This guest article is written by Chelsey Christensen.
Part I: My Pregnancy and Pregnancy Loss
This was supposed to be a time of joy and excitement, a time when we finally shared our amazing news with the world.
We had seen your little heartbeat not once but twice, and we had already discovered you were a little girl. We had a growing list of names, and we had already told our closest friends and family.
On the morning of your NT scan, I woke up so excited to see your heartbeat once again. We were looking forward to having that final confirmation that you were alive and well before we shared the news more broadly with friends and colleagues.
How quickly those feelings of joy turned into waves of grief.
I knew something was wrong the moment we saw your little body on the ultrasound screen. That feeling of concern was confirmed when the NT scan was cut short. The scan was nothing like your big brother’s had been, no NT measurements were even taken. We waited in the hallway to be called into the doctor’s office but my tears were already falling as we waited.
When we were finally called into the doctor’s office, our greatest fears were confirmed. We were told you had no heartbeat. Unbeknownst to us, you had stopped growing a few weeks prior to that scan. And my body had continued to carry your tiny body and acted as if nothing was wrong.
More appointments came. And more hard decisions were made on top of an already bad situation. More and more and more tears fell. And with it all, more pain came, both physical and emotional.
You were our joy. Our hope after months of bad news and sadness—an early pregnancy loss in October 2019 and the death of multiple family members—you were our light. Suddenly, we were plunged into more darkness.
We felt crippling grief—waves of grief, unlike anything I have ever experienced.
Now, I am swimming above the grief.
My head has finally fought its way above the crashing waves and I am finding moments to gulp for air while treading, treading, treading. But there are moments the grief that overcomes me yet again. When I see pregnancy announcements for July 2020 babies I hope at some point I will feel happy for them. But right now, it feels like a gut punch. When pregnancy ads keep popping up since the algorithm can’t seem to keep up with my most recent searches—pregnancy loss, D&C, how to tell your child about miscarriage. Where are my newly targeted ads, oh social network overlords? The very thought of stepping outside and seeing the face of someone who knew has kept me inside all week. I am sick already thinking ahead to Mother’s Day, to your due date, to the many holidays we would have celebrated as a family of four.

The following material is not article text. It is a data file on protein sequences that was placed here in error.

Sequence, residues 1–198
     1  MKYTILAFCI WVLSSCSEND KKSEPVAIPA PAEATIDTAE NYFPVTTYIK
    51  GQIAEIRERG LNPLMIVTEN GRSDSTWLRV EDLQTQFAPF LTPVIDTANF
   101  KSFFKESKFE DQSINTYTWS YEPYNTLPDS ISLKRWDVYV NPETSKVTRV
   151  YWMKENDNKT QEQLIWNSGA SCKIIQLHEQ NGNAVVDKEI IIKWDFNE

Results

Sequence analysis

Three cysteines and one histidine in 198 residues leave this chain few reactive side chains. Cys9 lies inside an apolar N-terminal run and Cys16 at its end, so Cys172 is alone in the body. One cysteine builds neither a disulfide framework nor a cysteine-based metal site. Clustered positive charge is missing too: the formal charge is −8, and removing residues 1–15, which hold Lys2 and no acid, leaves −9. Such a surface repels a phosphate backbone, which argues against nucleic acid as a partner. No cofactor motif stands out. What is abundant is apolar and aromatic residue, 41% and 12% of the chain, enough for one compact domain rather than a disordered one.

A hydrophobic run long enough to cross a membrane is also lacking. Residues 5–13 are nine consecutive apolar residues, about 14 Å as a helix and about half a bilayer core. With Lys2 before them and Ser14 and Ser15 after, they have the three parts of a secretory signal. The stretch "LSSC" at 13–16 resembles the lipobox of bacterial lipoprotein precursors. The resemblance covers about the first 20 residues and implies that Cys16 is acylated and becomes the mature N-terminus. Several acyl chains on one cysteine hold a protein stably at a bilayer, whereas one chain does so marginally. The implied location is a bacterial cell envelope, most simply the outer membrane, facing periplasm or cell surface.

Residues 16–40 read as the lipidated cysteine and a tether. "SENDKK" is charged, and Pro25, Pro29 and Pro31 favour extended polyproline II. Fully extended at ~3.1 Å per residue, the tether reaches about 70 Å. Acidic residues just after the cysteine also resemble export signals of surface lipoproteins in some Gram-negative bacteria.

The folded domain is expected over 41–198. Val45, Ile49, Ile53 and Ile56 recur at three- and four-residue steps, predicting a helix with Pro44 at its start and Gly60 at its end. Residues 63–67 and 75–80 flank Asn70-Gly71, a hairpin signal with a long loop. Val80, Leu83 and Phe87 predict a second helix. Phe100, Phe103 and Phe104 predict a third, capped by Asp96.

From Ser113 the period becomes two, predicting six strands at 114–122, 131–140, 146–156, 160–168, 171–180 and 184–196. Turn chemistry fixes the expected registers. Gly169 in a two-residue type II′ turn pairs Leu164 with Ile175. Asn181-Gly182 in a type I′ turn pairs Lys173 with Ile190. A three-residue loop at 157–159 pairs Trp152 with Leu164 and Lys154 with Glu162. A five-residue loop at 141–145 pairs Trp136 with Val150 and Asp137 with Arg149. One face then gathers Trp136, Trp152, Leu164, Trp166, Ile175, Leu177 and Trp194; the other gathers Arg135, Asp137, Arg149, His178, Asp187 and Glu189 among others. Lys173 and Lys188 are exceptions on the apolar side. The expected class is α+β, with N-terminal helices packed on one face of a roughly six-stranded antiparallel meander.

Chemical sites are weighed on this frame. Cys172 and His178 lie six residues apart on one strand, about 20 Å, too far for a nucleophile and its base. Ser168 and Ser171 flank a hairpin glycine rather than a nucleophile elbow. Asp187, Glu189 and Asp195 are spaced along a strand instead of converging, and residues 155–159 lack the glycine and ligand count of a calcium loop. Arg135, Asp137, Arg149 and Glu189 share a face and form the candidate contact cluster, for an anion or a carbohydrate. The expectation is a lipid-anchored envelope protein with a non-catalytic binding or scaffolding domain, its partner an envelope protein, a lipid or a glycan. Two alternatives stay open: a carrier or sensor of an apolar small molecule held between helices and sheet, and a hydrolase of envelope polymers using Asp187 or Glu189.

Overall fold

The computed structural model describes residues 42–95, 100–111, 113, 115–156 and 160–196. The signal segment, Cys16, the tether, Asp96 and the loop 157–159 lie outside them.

I fluctuate between wanting to tell everyone about you, about this loss, to do my part in destigmatizing miscarriage. And yet, I also never want to speak of this experience ever again.
I wish more than anything you were still here, still safe and healthy and growing inside of me. Still giving me heartburn and occasional nausea. I wish we were still fighting over your future name. I wish we were still making plans around your due date.
But, I am grateful.
I’m grateful for the tenderness and care and kindness of the doctor who broke the news in the Perinatal Radiology Center, of the midwives who walked me through my options, of the doctors and nurses in the Family Planning office at Washington Hospital Center, of the countless friends and family members who reached out. I am grateful for a husband/partner/co-parent who stepped up in so many ways so I could sink under the waves of grief when I needed to. I am grateful for a kind, curious, adorable son who has provided joy and levity in moments of deep sadness. And, I am grateful for a supervisor and trusted team of colleagues who were understanding and flexible so I could take the time I needed to start healing physically and emotionally.
I am 1-in-4.
I had a miscarriage.
It will be ok … But right now, I most assuredly am not.
If you would like to add your baby to our Forever Loved Wall, please email us at [email protected]. Also, if you are looking for resources to cope with the loss of a pregnancy, please look at our Pregnancy and Infant Loss Resources.
Our the guest author:
Chelsey Christensen is originally from Decorah, IA and has lived in Washington, DC for more than 12 years. She resides in Columbia Heights with her husband John, their 3-year-old son, and fur-baby. She works full time as Director of Development at Imagination Stage. Chelsey is a consecrated Deaconess through the Lutheran Diaconal Association and an active member of Luther Place Memorial Church in downtown DC. She is passionate about the arts, education, and equity. On weekends you can find her exploring neighborhood parks and playgrounds with coffee in-hand.